Living with "I know" is a tremendous handicap that keeps us out of the present, and living in the past. It doesn't allow us anything new, no surprises, no insights, no discoveries. It doesn't allow us to unlock and understand any of the mysteries of the present moment, and it keeps us frozen in the judgments of the past.

That is why beginner's mind is a wonderful strategy for those who would like to learn about the deeper mysteries of life. It isn't easy! There's nothing people treasure as much as their brilliant opinions, unless it is their cherished beliefs. Yet these will not help us in finding these new dimensions of life that are to be found in schools like this.

Beginner's mind doesn't ask you to believe in anything in particular. It simply says put aside the beliefs you already have for a little while, and do the exercises the teachers suggest without beliefs or expectations, simply to see in your own direct experience whatever your experience of these exercises is.

And after the exercises are over, you can go right back to that shelf again. You can take back all of those opinions, all that reason and logic, all of those cherished beliefs--just the way you left them! You can put them right "back on" all over again. If there happen to have been some new insights, something new, never noticed before, something you've seen with your own eyes, or heard with your own ears, something you've smelled, or tasted, or felt with your own sensitive body, there is no problem about that. You can still leave with what you came in with. That choice is still up to you.

Beginner's mind is simply recognizing that this wonderful intellectual thinking mind that we all have may, at certain times, distort things very greatly and block things off from our view. If we consciously set aside this effect, on purpose--for convention's sake, or for the fun of it will do--if we adopt "I don't know" as a strategy, instead, then secrets begin to become known.

There are always a few surprises that come along this way. That is the value of beginner's mind, when you realize you really haven't known. If you'd like to, you may try this out in your own life some time, and see this on your own.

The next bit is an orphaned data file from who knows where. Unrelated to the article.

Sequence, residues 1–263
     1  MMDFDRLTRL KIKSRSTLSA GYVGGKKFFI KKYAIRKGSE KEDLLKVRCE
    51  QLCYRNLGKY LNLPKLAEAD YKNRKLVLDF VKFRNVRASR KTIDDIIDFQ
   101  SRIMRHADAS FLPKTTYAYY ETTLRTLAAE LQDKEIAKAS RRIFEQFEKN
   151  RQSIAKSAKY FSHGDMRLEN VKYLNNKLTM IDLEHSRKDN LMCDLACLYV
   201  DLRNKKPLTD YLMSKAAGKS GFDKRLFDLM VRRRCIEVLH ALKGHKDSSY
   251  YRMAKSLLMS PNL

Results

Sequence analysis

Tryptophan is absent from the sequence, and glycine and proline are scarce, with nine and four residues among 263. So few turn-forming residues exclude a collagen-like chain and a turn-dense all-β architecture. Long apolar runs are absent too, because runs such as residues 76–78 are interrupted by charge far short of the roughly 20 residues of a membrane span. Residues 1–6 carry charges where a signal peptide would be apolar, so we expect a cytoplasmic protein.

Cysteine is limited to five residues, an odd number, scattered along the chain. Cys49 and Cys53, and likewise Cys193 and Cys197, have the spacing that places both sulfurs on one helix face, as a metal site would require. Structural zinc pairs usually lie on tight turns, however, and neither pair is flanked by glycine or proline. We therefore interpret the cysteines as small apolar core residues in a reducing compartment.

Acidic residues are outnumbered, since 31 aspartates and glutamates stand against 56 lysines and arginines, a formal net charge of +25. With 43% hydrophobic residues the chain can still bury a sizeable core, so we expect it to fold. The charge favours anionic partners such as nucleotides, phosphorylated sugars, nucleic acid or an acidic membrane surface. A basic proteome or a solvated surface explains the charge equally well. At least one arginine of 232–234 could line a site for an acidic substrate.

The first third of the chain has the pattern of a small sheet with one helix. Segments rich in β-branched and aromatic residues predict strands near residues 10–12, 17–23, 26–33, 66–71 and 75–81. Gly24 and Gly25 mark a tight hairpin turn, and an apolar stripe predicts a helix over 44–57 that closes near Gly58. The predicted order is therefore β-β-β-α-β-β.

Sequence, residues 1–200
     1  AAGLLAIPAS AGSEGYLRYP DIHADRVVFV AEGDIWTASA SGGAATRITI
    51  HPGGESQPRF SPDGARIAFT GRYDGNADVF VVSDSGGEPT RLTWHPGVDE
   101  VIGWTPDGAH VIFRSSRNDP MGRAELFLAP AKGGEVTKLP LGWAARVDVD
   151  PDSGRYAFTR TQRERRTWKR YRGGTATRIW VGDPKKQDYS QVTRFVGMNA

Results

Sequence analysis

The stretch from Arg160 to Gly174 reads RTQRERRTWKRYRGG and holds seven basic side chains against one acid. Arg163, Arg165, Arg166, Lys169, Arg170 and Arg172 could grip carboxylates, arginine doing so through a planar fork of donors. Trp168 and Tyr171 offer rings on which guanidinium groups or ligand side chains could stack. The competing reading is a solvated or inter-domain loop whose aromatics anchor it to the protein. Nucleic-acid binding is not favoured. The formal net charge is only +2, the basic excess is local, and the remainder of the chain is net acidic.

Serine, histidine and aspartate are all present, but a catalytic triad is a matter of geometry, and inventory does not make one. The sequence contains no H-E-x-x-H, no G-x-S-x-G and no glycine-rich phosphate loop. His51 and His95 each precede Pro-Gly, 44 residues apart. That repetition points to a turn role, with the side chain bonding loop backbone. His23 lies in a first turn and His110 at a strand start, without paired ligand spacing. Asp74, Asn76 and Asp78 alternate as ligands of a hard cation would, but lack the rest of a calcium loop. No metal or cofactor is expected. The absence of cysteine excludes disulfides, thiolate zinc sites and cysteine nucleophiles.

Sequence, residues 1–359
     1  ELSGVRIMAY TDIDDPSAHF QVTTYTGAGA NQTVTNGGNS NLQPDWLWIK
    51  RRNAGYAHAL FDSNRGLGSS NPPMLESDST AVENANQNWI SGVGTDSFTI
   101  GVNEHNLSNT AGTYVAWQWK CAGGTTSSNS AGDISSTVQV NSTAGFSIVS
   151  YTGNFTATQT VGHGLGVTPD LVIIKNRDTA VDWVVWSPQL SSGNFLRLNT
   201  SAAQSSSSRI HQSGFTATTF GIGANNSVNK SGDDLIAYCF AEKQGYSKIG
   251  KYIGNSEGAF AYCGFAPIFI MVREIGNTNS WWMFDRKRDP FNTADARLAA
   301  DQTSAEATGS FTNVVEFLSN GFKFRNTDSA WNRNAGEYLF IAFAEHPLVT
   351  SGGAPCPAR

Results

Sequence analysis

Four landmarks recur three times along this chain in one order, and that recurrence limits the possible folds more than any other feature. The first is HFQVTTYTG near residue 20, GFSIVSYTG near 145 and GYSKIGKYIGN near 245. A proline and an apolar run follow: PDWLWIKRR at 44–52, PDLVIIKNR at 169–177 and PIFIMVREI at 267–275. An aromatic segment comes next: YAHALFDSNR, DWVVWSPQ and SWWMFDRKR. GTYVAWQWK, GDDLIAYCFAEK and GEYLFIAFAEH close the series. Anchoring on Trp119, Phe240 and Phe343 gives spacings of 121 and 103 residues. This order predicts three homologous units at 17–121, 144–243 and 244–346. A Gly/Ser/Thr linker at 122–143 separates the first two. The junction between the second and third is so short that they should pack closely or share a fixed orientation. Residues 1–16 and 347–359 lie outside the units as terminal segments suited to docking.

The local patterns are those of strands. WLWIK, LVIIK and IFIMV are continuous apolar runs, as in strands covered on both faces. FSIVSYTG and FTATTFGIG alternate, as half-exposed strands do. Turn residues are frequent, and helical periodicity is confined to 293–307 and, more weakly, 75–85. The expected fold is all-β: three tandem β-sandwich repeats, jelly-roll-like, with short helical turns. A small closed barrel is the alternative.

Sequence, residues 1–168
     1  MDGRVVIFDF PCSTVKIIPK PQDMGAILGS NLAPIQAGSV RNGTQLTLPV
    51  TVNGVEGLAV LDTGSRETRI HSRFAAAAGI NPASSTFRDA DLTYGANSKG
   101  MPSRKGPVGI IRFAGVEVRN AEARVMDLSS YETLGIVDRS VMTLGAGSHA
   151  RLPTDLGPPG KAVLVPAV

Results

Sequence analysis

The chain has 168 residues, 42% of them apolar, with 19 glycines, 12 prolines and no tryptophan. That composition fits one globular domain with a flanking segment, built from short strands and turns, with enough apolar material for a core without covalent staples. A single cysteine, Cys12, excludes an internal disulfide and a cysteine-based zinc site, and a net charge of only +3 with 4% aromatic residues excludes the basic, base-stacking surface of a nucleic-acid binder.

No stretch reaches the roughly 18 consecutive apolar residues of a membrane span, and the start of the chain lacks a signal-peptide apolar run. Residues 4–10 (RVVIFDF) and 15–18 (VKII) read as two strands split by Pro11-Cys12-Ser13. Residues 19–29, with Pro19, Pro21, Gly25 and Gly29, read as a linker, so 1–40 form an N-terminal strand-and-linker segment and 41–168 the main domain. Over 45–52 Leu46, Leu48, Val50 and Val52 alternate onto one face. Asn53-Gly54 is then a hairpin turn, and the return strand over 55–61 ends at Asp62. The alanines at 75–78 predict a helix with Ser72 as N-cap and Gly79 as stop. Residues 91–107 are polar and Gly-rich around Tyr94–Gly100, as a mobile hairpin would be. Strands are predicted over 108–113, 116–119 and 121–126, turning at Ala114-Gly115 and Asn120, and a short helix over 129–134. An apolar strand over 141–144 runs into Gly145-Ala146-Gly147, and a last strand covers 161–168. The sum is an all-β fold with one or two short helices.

Gerard Burns

Gerard M Burns is a contemporary Scottish artist who is not afraid to express himself through the traditional themes treated in the mainstream of European art from the Renaissance to modern times.
As he himself put it in a recent interview : “I am attempting to reclaim a more traditional approach to painting, content, subject matter and technique, but within the context of modern society.”

The phrase in italics is important : his treatment of traditional themes is wholly personal, since he embeds them in the raw present, synthesising past with present in such a way that contemporary experience is enhanced and invested with new meaning by the subtlety of allusive reference. Thus his paintings are not arid exercises in retrospective homage to past masters, or mere nostalgia for figurative art, but innovative re-examinations of the European tradition, which serve as stimuli for the individual viewer’s own emotional exploration.

Moreover, he is a painter who has not lost his sense of wonder, who revels in beauty of form and colour, and works with a bold palette which is instantly arresting. This arresting quality in his work not only draws you into the visual scene before you, but makes you want to know his meaning. As he himself says : “I want the paintings to catch the imagination, to challenge and amaze people.”

Tuesday, 18 May 2010

Onwards and Upwards

''Only just be my dear child... please remember to be more''

Wednesday, 12 May 2010

Bark Painting

Bark painting is an Australian Aboriginal art-form, involving painting on the interior of a strip of tree bark. This is a continuing form of artistic expression in Arnhem Land and other regions in the Top End of Australia including parts of the Kimberley region of Western Australia. Traditionally, bark paintings were produced for instructional and ceremonial purposes and were transient objects. Today, they are keenly sought after by collectors and public arts institutions.

The barest necessities for bark artwork are paint, brushes, bark, fixative and a fire.

The material of choice is the bark from Stringybark (Eucalyptus tetradonta). The bark must be free of knots and other blemishes. It is best cut from the tree in the wet season when the sap is rising. Two horizontal slices and a single vertical slice are made into the tree, and the bark is carefully peeled off with the aid of a sharpened tool. Only the inner smooth bark is kept and placed in a fire. After heating in the fire, the bark is flattened under foot and weighted with stones or logs to dry flat. Once dry, it is ready to paint upon.